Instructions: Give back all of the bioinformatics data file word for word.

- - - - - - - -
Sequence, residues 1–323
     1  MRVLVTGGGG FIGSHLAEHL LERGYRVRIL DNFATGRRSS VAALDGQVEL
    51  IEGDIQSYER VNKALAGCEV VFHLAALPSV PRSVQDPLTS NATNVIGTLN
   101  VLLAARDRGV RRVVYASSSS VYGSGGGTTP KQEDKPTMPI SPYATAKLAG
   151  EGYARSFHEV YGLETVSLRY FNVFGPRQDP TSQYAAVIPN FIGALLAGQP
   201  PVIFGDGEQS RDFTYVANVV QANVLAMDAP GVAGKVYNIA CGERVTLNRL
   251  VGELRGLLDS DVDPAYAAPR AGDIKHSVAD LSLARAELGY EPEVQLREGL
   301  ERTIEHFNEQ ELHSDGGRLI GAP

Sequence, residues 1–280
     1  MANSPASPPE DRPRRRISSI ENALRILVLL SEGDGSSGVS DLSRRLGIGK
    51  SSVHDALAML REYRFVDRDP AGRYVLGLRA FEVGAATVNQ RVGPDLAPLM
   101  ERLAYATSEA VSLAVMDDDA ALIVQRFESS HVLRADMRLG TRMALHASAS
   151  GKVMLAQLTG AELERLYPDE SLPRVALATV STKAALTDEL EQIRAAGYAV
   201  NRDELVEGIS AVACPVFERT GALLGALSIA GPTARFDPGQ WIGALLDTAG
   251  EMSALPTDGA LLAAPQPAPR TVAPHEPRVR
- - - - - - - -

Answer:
Sequence, residues 1–323
     1  MRVLVTGGGG FIGSHLAEHL LERGYRVRIL DNFATGRRSS VAALDGQVEL
    51  IEGDIQSYER VNKALAGCEV VFHLAALPSV PRSVQDPLTS NATNVIGTLN
   101  VLLAARDRGV RRVVYASSSS VYGSGGGTTP KQEDKPTMPI SPYATAKLAG
   151  EGYARSFHEV YGLETVSLRY FNVFGPRQDP TSQYAAVIPN FIGALLAGQP
   201  PVIFGDGEQS RDFTYVANVV QANVLAMDAP GVAGKVYNIA CGERVTLNRL
   251  VGELRGLLDS DVDPAYAAPR AGDIKHSVAD LSLARAELGY EPEVQLREGL
   301  ERTIEHFNEQ ELHSDGGRLI GAP

Sequence, residues 1–280
     1  MANSPASPPE DRPRRRISSI ENALRILVLL SEGDGSSGVS DLSRRLGIGK
    51  SSVHDALAML REYRFVDRDP AGRYVLGLRA FEVGAATVNQ RVGPDLAPLM
   101  ERLAYATSEA VSLAVMDDDA ALIVQRFESS HVLRADMRLG TRMALHASAS
   151  GKVMLAQLTG AELERLYPDE SLPRVALATV STKAALTDEL EQIRAAGYAV
   201  NRDELVEGIS AVACPVFERT GALLGALSIA GPTARFDPGQ WIGALLDTAG
   251  EMSALPTDGA LLAAPQPAPR TVAPHEPRVR